Lysine looks a lot like Arg – it can even be positively-charged too, but it only has a single extra amino group and, unlike Arg, Lys’s charge is NOT stabilized by resonance. As a result, it’s more willing to give up H⁺ (act as acid), as evident in its lower pKa. That leaves Lys’ N with a lone pair of electrons & makes Lys a good BASE & NUCLEOPHILE (something that seeks out positively-charged atoms to bond to), so it can participate in cool reactions. 

What bout Arg? Arg is usually found maximally protonated (and ➕). So it has lots of H’s. It *could* act as an acid & give one up, BUT that charge delocalization makes charged Arg very happy & stable. So it’s a MUCH weaker acid than His (and thus a stronger base). Therefore, unlike His, which exists as a mix of protonated (and ➕) & deprotonated (and neutral) forms at biological pH, Arg won’t give up a H⁺ unless solutions are VERY basic (i.e. high pH, meaning low H⁺). As a result, R is reliably ➕ & well-suited to interact with ➖ molecules, such as the phosphate groups studding nucleic acid backbones, making it great for protein-DNA interactions.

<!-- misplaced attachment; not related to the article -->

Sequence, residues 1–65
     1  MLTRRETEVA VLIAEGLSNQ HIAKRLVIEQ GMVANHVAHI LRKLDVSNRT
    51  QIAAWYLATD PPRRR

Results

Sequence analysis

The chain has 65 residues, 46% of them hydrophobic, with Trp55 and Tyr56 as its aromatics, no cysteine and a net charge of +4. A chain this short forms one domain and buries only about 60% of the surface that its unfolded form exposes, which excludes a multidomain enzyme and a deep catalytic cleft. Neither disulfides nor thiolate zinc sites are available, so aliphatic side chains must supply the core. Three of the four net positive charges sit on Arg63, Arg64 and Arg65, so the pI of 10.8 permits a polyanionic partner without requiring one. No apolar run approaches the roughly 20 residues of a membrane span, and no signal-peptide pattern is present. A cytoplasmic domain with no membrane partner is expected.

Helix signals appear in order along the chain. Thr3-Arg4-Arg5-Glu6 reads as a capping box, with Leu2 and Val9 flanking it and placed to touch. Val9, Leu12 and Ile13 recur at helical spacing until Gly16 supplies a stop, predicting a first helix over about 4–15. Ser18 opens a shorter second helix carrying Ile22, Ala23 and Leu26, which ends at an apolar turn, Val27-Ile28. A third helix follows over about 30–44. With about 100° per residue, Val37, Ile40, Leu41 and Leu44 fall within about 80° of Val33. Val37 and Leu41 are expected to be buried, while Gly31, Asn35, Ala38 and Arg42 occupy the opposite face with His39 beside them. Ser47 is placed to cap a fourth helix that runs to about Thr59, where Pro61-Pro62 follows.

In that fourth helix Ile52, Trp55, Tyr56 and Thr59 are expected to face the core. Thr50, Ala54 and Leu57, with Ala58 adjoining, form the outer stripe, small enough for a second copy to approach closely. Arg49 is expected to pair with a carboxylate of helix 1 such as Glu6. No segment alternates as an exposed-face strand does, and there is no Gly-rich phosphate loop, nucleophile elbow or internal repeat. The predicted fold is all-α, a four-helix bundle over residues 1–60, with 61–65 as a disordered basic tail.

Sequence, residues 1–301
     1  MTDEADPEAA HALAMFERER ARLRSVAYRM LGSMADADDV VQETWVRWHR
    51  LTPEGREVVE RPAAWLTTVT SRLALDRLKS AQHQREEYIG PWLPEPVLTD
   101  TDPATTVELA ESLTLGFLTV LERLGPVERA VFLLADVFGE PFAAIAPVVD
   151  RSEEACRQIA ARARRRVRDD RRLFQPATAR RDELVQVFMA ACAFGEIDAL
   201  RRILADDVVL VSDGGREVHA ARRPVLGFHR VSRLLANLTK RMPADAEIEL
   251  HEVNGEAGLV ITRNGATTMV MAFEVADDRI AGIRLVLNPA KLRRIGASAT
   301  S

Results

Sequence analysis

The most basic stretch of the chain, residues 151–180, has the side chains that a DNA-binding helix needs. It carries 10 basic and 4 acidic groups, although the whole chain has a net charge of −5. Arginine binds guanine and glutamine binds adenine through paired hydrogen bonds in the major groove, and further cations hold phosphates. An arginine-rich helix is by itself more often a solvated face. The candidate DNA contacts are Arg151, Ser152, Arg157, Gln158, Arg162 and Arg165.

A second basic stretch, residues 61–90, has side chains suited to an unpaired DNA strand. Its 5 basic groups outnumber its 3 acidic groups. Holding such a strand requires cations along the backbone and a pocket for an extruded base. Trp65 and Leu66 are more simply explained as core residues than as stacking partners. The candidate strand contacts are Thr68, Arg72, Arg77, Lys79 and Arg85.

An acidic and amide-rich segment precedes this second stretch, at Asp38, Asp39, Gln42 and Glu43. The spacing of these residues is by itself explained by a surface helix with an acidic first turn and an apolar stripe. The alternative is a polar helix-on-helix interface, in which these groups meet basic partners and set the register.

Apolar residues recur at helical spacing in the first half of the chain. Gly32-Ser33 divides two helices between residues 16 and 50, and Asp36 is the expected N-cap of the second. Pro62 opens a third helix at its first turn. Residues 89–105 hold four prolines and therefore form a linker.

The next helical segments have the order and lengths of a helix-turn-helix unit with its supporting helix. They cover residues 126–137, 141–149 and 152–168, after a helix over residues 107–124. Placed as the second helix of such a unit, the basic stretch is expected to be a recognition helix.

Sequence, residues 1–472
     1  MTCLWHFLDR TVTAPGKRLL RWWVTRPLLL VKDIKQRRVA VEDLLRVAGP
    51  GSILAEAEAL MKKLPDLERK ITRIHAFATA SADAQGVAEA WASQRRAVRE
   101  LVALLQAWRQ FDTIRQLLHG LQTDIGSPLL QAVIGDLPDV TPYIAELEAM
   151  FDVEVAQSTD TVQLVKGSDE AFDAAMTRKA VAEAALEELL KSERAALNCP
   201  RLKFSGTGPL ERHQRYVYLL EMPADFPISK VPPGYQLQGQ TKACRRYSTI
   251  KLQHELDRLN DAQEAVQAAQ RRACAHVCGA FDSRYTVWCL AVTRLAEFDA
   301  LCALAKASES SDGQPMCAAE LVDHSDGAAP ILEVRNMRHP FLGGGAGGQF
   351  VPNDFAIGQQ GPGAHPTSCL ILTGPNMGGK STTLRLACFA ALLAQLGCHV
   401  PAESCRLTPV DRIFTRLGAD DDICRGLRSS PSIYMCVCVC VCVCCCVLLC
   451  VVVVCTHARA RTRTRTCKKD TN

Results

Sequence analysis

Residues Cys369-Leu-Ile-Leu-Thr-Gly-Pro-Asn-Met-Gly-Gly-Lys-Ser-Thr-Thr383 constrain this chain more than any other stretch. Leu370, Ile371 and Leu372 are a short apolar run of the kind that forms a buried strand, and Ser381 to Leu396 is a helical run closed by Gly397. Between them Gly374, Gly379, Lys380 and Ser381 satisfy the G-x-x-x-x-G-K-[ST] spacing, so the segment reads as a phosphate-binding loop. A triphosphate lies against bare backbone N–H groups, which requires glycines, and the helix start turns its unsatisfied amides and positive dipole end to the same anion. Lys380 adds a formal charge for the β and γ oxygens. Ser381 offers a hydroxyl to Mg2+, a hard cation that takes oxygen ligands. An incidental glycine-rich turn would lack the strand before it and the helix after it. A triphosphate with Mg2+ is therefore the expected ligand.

Its breakdown (catabolism) products are also really important. It serves a key role in the urea cycle which helps get rid of extra nitrogen (when you break down amino acids, even the ones with nitrogen only in the backbone, you have to get rid of the nitrogen responsibly, and the urea cycle provides a way to pass it off from molecule to molecule and release it as urea in your pee instead of the more toxic ammonia). The urea cycle, depending on where you enter, requires a lot of pass-offs and arginine is the “last step” – an enzyme called arginase helps it break that nitrogen off a urea (this also leaves you with a molecule of ornithine, which can continue picking up nitrogen and cycling on and one).